Perhaps for BT. But riddle me this: If Openreach is _so_ expensive and has _so_ many liabilities and is losing _so_ much money, why is BT trying desperately to hang onto it?

The effect of splitting in New Zealand was electrifying. Their version of Openreach went into high gear when the split happened and hasn't slowed down since. Almost all(*) customers are happy at paying 1/2 to 1/3 the rates they were previously forced to.

The incumbent telco isn't looking so rosy though. It advanced the exact same arguments and costs against splitting that BT has been using - including the claim that an independent openreach would have trouble raising financing.

Not long after the split, NZ Openreach (chorus) got lots of financing, whilst the former incumbent had its credit rating slide substantially. It seems that plant in the ground and hundreds of telcos as your customer is a better credit risk than being one of those hundreds of telcos (especially when customers are leaving like a plague of rats deserting a sinking ship. Most people stay with BT because they're the lines company. Once that goes away they're more inclined to move)

(*) The exception to the happy clients list being the former incumbent - which despite the line charge figures being set based on information it passed to the regulator about costs, etc. claimed that the charges were far too high, they couldn't possibly make money and they demanded a special deal.

Everyone laughed at them and the damands weregiven short shrift. That little tantrum demonstrated what everyone else already knew - that the outrageous costs they claimed were involved in running the lineside operation were made up figures to cross-subsidise the other divisions.

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Facepalm

Openreach group strategy propositions

There was a story on the wireless today about the employment conditions of plumbers working for a Pimlico company. As in the plumbers had to provide their own transport, uniform and tools and presumably there was only the one full time plumber. Make one wonder about the shape of the Openreach employee org chart. As in how many engineers do they employ full time in the field as compared to those working in a warm office. I do know it's a bad sign when you can't figure out from someones title exactly what they do to draw their salary.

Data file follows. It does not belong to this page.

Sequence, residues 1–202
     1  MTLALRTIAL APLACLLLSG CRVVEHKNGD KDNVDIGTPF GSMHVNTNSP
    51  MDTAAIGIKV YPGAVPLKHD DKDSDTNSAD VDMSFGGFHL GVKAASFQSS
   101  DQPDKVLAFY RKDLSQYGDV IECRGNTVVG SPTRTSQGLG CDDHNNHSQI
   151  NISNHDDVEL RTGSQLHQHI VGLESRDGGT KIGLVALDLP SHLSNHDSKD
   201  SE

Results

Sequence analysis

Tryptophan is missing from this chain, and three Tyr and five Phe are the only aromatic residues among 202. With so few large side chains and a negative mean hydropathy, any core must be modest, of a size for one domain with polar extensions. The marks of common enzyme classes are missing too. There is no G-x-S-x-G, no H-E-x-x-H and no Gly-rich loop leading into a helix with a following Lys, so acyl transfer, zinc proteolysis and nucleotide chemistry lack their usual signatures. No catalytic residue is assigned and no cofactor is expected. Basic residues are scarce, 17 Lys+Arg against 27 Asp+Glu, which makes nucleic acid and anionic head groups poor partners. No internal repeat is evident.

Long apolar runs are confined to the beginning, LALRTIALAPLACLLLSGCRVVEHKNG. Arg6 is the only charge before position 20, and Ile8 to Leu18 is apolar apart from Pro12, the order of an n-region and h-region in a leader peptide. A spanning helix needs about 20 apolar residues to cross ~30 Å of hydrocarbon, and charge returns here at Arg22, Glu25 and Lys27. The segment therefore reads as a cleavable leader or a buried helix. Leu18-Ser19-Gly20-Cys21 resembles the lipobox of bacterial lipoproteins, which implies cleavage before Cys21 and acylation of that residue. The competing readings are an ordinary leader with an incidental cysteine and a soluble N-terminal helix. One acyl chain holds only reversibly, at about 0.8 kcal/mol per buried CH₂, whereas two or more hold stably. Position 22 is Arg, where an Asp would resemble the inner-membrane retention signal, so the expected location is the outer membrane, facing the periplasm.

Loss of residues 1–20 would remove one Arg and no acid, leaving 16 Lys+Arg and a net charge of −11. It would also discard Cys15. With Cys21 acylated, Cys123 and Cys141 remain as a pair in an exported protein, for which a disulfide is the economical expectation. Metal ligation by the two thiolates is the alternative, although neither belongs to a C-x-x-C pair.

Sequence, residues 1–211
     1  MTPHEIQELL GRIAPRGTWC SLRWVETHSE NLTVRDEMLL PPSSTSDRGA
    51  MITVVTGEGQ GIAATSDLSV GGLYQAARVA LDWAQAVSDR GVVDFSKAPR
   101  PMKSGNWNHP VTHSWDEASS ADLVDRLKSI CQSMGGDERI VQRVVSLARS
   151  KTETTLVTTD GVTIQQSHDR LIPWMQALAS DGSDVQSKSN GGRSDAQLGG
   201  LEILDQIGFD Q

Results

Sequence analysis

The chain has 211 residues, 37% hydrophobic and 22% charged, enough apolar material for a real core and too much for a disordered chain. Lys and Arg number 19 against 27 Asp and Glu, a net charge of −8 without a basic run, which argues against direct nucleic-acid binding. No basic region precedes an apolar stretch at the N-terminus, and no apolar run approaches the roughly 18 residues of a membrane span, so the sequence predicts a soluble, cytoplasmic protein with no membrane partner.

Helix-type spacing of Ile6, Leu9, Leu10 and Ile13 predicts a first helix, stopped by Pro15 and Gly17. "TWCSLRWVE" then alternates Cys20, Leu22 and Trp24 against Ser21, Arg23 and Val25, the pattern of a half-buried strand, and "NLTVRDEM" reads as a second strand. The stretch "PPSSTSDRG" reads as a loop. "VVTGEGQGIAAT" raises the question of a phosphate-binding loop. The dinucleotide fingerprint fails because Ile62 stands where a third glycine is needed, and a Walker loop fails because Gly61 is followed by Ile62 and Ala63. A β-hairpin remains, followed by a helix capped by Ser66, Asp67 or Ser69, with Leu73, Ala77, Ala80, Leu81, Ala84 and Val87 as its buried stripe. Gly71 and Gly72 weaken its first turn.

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Anonymous Coward

The whole idea of opening up the Telecomms market was a bit like letting another rail company come along to a formerly nationalised British Rail and saying:- "We're going to hitch three coaches on to the back of every one of your trains that run on the most profitable routes, and we'll ignore the rest. Then we'll undercut the prices that you charge on these very profitable routes."

The fact that British Rail have spent decades using taxpayers money to build the railways and maintain everything from track to stations and locomotives, just doesn't bother the new company. Their only mission is to make a profit on the back of British Rail.

This is exactly the case with BT. They have developed everything from day one and were the first to come up with fibre optics and broadband. Yet apart from Virgin Media, all these other companies just 'hitch their coaches' on to BT's coat tails and reap the profits. No engineering staff, no development costs, nothing in fact apart from a few staff in call centres who are useless if a fault occurs.

The whole idea should be scrapped and everything given back to BT as a non profit making company. The shareholders should be paid off and Ofcom would regulate BT regarding any excessive staff numbers, prices, and staff salaries.